Seminar on the Documentation of Cultural Properties – “Documentation of Cultural Properties for Protection and the Principle of Image Compression”

Lecture by Mr. NAKANO Noriyuki
Lecture by Dr. IMAIZUMI Shoko

 To obtain fundamental data for their research, protection, and utilization, the documentation of cultural properties and artifacts through both texts and photographs is an important activity for museums, fine art museums, and municipal governments managing cultural properties. The Department of Art Research, Archives and Information Systems is actively discussing methods for documenting cultural properties as well as the compilation of a database to organize and utilize these documentations. To this end, we conducted a seminar titled “Documentation of Cultural Properties for Protection and the Principle of Image Compression,” on September 21st, 2021, in the seminar room at the Tokyo National Research Institute for Cultural Properties while following the appropriate countermeasures against COVID-19 infection.
 Mr. NAKANO Noriyuki (Senior Specialist of the First Cultural Properties Division, Agency for Cultural Affairs) delivered a lecture titled “Documentation of Cultural Properties for Protection.” He explained the importance of documenting cultural properties to ensure their protection and reiterated the areas of special care that must be taken into consideration during the documentation process, based on the abundance of materials with actual cases. In addition, Dr. IMAIZUMI Shoko (Associate Professor, Graduate School of Engineering, Chiba University) delivered a lecture titled “Concepts and Basic Technologies of Image Compression” as the second session in the series on “Digital Image Compression from the Basics of Images to Moving Images.” She explained digital image compression, the processes involved, and finally, the basic technologies and techniques of major compression formats for still and moving images, such as JPEG and MPEG.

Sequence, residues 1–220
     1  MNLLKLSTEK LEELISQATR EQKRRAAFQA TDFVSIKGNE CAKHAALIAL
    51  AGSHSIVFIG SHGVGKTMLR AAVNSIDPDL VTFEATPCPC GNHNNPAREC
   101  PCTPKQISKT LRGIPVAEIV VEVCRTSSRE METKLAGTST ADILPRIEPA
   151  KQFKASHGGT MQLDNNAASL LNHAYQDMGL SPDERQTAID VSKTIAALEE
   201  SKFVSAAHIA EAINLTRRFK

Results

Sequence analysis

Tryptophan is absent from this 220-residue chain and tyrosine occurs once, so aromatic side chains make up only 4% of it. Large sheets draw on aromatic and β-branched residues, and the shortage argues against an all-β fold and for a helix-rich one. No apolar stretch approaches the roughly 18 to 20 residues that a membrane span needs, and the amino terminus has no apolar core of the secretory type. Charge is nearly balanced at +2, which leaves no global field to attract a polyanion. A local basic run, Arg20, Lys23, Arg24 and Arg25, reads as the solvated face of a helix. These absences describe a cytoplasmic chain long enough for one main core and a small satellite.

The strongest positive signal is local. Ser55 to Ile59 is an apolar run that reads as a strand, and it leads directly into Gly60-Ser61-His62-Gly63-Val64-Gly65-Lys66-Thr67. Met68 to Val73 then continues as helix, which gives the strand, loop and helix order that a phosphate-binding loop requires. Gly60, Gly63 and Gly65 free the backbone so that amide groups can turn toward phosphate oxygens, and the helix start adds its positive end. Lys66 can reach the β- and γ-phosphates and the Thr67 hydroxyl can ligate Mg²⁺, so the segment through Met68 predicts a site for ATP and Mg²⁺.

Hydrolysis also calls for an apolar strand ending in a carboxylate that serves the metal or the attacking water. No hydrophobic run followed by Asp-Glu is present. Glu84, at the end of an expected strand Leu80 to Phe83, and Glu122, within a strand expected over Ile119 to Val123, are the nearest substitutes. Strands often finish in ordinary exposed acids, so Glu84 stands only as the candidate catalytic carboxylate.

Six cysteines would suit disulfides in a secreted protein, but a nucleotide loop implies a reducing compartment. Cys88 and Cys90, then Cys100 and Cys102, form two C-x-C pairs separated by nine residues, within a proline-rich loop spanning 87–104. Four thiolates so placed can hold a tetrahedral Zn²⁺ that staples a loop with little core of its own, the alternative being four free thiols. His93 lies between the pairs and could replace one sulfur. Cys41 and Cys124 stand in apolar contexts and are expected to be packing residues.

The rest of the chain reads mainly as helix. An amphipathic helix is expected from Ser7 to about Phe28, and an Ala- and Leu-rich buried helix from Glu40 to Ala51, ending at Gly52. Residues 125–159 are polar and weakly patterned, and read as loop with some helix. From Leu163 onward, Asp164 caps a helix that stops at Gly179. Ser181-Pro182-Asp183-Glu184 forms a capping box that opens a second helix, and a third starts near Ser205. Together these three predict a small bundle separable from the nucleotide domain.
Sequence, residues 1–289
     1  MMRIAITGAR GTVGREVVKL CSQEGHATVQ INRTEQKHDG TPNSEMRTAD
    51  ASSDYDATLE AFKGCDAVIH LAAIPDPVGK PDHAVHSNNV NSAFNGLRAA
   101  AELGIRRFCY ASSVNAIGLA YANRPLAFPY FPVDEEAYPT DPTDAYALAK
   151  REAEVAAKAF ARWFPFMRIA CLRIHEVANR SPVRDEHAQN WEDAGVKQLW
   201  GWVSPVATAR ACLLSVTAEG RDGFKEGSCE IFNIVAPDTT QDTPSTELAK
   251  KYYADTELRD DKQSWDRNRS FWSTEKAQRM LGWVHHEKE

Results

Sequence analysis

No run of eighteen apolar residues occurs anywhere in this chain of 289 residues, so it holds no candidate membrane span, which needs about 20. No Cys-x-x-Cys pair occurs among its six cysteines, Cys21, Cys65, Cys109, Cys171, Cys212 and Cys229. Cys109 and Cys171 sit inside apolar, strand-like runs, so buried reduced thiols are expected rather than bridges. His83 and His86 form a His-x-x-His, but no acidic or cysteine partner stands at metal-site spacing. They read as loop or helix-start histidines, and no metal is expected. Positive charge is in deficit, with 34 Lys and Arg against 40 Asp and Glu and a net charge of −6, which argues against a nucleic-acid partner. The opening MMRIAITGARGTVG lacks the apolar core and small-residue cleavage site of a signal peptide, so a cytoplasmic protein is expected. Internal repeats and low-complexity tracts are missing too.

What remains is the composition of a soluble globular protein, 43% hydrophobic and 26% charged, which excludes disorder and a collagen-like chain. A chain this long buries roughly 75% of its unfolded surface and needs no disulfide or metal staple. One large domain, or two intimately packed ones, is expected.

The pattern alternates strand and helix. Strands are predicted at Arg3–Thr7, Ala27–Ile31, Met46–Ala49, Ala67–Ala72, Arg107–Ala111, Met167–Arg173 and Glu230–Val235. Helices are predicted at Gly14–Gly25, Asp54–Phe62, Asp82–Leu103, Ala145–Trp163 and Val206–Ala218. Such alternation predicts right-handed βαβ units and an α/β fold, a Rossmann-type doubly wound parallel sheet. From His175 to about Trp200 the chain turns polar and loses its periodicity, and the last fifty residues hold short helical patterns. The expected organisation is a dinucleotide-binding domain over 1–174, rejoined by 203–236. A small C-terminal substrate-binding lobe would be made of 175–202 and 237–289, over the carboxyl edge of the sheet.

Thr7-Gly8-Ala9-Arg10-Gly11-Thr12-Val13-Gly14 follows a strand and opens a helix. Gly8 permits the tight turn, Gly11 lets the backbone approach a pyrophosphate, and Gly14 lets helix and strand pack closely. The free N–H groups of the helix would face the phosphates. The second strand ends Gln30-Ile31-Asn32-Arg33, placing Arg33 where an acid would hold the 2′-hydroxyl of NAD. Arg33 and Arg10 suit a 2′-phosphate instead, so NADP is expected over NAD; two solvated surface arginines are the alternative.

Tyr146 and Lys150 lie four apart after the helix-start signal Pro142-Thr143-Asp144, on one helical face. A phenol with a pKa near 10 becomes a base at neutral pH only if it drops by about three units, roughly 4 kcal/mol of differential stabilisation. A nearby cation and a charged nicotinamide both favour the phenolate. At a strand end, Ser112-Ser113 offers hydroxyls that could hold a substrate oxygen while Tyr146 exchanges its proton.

The significance of documenting cultural properties continues to increase as it is crucial to securing opportunities for research and appreciation in the current situation wherein it is difficult to access cultural properties due to the COVID-19 pandemic. We will continue to actively disseminate useful information for documentation, preservation, and publication of cultural properties by providing lecture-style and hands-on seminars.

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